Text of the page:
- Britain leaves, stocks plummet. In a surprise move, the United Kingdom has voted to leave the European Union. Global markets are awash in red this morning, exacerbated by the last few days’ risk-on posture as a “remain” vote became viewed as consensus. After touching the 1.50 level against the dollar after yesterday’s close, the pound is now below 1.4 and briefly made a 30-year low. Overnight, Japan’s Nikkei Index was among the worst hit, closing down 7.9%, while in afternoon trading the German DAX is down more than 7%, France’s CAC is down more than 8%,the U.K’s FTSE is lower by approximately 4%, and Spain’s IBEX down more than 12%. Safe-haven assets are rallying as expected, with the yield on the 10-year note down to 1.53%, and COMEX gold up 5%. WTI crude oil is falling sharply and below $48.00, while the dollar index is up over 2.5%.
- U.K. surprises markets, votes for Brexit. The U.K. voted to leave the EU in a very close vote yesterday, leading to Prime Minister David Cameron’s resignation and sending markets fleeing to safe havens amid the political uncertainty. The U.K. and EU will work over the next several years to determine the terms of the U.K.’s economic separation from the EU, essentially beginning the reversal of many decades of integration in the region. The political uncertainty, related impact of tightening financial conditions, and impact on U.K. trade are collectively causing investors and markets to price in greater odds of recession in the U.K. and Europe. The market’s extreme reaction reflects partly an unwinding of “remain” trades over the last week or so that were observable, in particular, in strength in European stocks and global financials.
- We believe U.S. economic impact from Brexit will be manageable. After the U.K. vote to the leave the EU, the odds of a recession in the U.S. have moved higher, but are still well below 50% in our view. Tighter financial conditions and a stronger dollar may be a slight drag on our exports. And lower commodity prices, market volatility, and lower interest rates may have some negative impact on corporate profits. But the U.S. economy is very resilient, and the direct impact of economic conditions in the U.K. and EU may be limited.
- Not another Lehman moment. While Brexit was unexpected and is likely to cause some near-term and perhaps even some longer-lasting financial market volatility, we do not believe Brexit will turn into another Lehman Brothers-type event. The U.S. economy, banking system, and consumers are in far better shape today than in 2008.
- We reiterate our 2016 equity market forecast.* We continue to expect mid-single-digit returns for the S&P 500 in 2016, driven by better U.S. economic growth and an earnings rebound in the second half of the year.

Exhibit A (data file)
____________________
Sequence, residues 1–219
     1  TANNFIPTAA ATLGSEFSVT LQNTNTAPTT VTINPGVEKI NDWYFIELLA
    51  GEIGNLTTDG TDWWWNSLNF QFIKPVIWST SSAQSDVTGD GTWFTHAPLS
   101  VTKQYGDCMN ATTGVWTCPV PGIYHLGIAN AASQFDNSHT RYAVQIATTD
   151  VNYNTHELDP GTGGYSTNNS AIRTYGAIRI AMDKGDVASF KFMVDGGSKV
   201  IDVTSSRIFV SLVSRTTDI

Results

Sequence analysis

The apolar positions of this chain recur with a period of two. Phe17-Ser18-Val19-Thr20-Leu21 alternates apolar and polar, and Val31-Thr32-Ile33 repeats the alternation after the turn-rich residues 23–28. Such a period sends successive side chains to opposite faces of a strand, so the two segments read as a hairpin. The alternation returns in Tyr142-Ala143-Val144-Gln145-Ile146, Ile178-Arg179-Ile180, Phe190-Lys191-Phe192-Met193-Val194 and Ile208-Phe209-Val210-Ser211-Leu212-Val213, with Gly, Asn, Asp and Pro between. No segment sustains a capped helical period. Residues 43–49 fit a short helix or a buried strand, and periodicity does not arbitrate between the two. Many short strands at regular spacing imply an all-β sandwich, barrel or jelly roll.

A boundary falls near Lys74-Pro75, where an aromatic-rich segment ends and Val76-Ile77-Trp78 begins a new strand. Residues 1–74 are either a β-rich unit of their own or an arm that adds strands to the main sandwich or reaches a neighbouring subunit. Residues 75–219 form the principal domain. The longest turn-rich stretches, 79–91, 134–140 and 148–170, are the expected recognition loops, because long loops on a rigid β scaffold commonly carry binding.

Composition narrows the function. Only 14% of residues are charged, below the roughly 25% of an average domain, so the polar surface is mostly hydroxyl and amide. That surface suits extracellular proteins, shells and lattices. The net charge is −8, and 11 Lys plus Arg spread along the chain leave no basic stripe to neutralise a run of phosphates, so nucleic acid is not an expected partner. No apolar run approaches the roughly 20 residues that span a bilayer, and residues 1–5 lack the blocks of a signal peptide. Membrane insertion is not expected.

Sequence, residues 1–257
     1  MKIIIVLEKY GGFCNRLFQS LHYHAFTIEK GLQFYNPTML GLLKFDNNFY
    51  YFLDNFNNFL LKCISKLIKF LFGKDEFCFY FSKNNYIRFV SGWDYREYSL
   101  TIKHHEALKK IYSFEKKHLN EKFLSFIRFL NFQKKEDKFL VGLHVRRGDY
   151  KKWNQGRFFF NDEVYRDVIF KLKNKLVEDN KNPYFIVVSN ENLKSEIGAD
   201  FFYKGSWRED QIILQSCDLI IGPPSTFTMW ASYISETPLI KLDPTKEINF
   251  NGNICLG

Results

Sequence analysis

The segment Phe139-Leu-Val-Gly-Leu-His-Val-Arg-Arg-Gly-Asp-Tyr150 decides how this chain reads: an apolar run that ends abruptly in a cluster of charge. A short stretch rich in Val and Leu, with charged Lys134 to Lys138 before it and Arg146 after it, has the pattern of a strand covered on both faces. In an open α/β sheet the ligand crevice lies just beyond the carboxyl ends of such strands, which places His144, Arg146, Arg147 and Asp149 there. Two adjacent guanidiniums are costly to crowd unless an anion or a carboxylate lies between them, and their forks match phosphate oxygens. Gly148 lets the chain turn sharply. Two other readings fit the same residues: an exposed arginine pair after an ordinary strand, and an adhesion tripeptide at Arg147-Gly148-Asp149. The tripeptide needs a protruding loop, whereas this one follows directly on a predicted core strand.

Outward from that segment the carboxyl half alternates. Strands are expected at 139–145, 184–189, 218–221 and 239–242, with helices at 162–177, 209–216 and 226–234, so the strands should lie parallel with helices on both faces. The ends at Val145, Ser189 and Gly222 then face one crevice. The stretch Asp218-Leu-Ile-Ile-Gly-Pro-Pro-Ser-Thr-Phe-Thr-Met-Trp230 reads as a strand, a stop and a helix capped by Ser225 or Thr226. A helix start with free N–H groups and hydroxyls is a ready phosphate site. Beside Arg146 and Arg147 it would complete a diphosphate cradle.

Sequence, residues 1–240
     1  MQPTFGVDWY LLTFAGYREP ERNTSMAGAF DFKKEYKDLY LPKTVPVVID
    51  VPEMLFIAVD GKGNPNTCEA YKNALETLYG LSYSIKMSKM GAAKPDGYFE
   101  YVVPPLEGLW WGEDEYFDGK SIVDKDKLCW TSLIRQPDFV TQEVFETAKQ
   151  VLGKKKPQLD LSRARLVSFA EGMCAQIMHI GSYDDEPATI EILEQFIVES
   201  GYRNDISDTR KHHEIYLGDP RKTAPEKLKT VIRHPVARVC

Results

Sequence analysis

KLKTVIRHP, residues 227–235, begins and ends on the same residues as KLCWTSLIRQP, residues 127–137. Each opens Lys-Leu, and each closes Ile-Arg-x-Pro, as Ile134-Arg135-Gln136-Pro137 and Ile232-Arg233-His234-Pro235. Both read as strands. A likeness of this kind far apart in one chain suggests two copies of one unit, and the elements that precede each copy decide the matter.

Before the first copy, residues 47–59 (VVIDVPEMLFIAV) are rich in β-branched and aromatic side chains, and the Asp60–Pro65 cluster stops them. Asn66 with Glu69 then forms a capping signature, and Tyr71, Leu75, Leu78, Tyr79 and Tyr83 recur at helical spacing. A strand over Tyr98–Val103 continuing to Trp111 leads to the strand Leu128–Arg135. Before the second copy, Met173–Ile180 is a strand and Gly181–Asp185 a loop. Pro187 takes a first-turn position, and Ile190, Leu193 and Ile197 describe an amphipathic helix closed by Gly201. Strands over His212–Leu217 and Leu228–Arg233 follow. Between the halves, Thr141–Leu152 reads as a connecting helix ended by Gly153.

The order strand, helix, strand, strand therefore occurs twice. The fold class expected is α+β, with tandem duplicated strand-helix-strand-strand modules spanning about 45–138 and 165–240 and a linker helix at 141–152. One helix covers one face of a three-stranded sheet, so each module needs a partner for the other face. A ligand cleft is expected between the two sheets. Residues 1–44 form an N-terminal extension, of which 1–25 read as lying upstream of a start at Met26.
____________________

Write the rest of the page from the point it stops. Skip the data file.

- Fed rate hike turns into rate cut probability. Futures show a small (15%) chance of a rate cut at one of the Federal Reserve Bank (Fed) meetings over the next few months and a rate hike has been priced out by the end of 2016. This morning the Fed already announced it is monitoring markets carefully and ready to provide unlimited U.S. dollar liquidity via existing swap lines.
- Treasury yields closer to record lows on flight to safety. The 10-year Treasury yield fell nearly 0.20% in early trading but is now off the overnight low yield of 1.49%. High-quality bond prices broadly are higher but are unlikely to match the pace of Treasury gains. The all-time low on the 10-year Treasury yield is 1.39%, reached in July 2012, and remains within striking distance. The 2-year Treasury yield, at 0.6%, is at its lowest level since October 2015 (and not far from the overnight borrowing rate), just prior to moving higher in anticipation of Fed rate hikes. Lower-rated bonds, such as high-yield bonds, are weaker as is typical during such episodes.
- Bigger bond moves occurring in Europe. The 10-year German yield is down to a record low of -0.08%, with the U.K. 10-year leading the way down -0.25%. Peripheral European government bond markets (Spain, Italy, Portugal, Greece) are weaker, but movements are slightly more subdued compared to those at the peak of the European debt crisis in 2011 and 2012.
- Banks pass tough stress tests. The Fed announced the first round of results from its stress tests last night and all 33 banks passed. Collectively, despite tougher scenarios, the banks maintained higher capital levels under stress than last year. This result is good news and validates the improved capital positions of the banks since the financial crisis, but will be overwhelmed by the extreme market volatility today following the U.K.’s surprising decision to leave the EU. Next week (June 29), the Fed will announce the results of its review of the banks’ plans to return capital to shareholders (dividends and share buybacks). In light of the Brexit vote, we would suggest caution toward financials given tightening financial conditions and low interest rates (and related flat yield curve).
Historically since WWII, the average annual gain on stocks has been 7 – 9%. Thus, our forecast is in-line with average stock market growth. We forecast a mid-single digit gain, including dividends, for U.S. stocks in 2016 as measured by the S&P 500. This gain is derived from earnings per share (EPS) for S&P 500 companies assuming mid-to-high-single-digit earnings gains, and a largely stable price-to-earnings ratio. Earnings gains are supported by our expectation of improved global economic growth and stable profit margins in 2016.
- Durable Goods Orders and Shipments (May)
- Germany: Ifo (Jun)